'He would foam at the mouth and his whole face changed' - ex-partner of murderer Ben Butler tells of beatings and 'strange behaviour'
With his "beady black eyes" and foam at the mouth, child killer Ben Butler was a picture of "pure evil", according to his ex-girlfriend.
Hannah Hillman told police Butler's face would contort with rage as he gave her "a good hiding".
He was so furious when they split up that he kicked and punched her in public in broad daylight.
After six-year-old Ellie Butler's death, Miss Hillman told investigators how he would "flip" between three different characters - normal, violent and "babyfied".
In her statement of January last year, she told how she went to live with Butler soon after their relationship began.
It was not long after they moved into a room above a pub that his "strange behaviour" surfaced.
Although she was frightened, she stayed with him because she thought she loved him, she said.
But then the violence "really started", she said.
"His persona completely changed," she continued.
"Every time he asked me the question and when I gave him an answer his eyes would almost turn black and small and beady ...
"Then he would hit me every answer I would give and that's the first time he gave me my first black eye."
She went on: "He always used to hit me in the face. I didn't think he could help it. He used to lose control so completely."
Afterwards, he would apologise saying, "I'm sorry, I'm sorry. I can't believe I have done this, it's not me", she said.
Even on Christmas Day, he "switched" for no reason, held her down and gave her a black eye, Miss Hillman said.
She described how Butler picked up a pole and gave her "a good hiding" when he returned from a job interview.
She said: "He was completely in a state of mind where I had never seen anybody in my life ...
"That look in someone's eyes. I don't think I will ever see it again. Pure evil. If he had gone on any longer I think he would have killed me."
Afterwards, he "completed regretted it", she added.
On August 20 2005, the couple had a drunken row in a Croydon nightclub and ended up in a car park.
Police arrived to find Butler had pushed his girlfriend to the ground and straddled her.
He later pleaded guilty to common assault.
Describing the attack, Miss Hillman said: "We would go out to a nightclub and he would say 'did you honestly think you would get away with that?' Then he would be in an underground car park strangulating me."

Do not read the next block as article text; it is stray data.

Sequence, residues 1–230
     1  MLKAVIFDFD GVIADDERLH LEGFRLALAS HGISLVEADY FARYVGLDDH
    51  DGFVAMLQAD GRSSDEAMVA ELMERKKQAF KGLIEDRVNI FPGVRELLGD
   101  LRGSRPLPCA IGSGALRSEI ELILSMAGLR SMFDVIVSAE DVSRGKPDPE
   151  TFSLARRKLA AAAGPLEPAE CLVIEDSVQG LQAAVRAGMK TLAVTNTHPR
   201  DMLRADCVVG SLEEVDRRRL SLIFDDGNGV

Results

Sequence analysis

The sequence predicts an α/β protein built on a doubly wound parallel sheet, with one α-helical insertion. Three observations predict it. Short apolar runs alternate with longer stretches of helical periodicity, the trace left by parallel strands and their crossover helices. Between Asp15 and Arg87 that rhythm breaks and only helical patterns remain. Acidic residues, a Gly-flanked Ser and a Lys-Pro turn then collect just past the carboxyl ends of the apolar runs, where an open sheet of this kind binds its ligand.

In the wake of these outbursts, he would become "very childlike, sitting on the floor and rocking", she said.
By November 10, the couple had broken up but they met once more in Morden town centre to discuss their relationship.
She described seeing him sitting at the bar of a pub with a "look in his eyes".
"It was almost like he would foam at the mouth and his whole face changed. It was very frightening because he was never a big man and I'm not a small girl," she said.
"He started beating me up in broad daylight. He was kicking me. I was on the floor (he was) punching me in the face. Two black eyes.
"My body was bruised and cut. An ambulance was called. That was pretty much the last time I saw him."
Butler accepted a police caution for assault occasioning actual bodily harm as Miss Hillman did not want to pursue it.
Although the abuse happened two years before Butler was accused of shaking little Ellie when she was a baby, Miss Hillman was never called to give evidence.
Prosecutor Ed Brown QC read out the extracts of her recent witness statement in court in the absence of the jury.
He argued jurors should know what she had to say about Butler's volatile temper because it chimed with his later treatment of Jennie Gray.
Although Mr Justice Wilkie ruled out her evidence, jurors in the Old Bailey trial were told that Butler had admitted two assaults against her in 2005.
Independent.ie Comments Facility
INM has taken the decision to remove the commenting facility on its online platform Independent.ie to minimise the legal risk to our business that arises from Ireland's draconian libel awards system.
We continue to look forward to receiving comments through direct email contact or via social media, some of which may still be featured on the website Independent.ie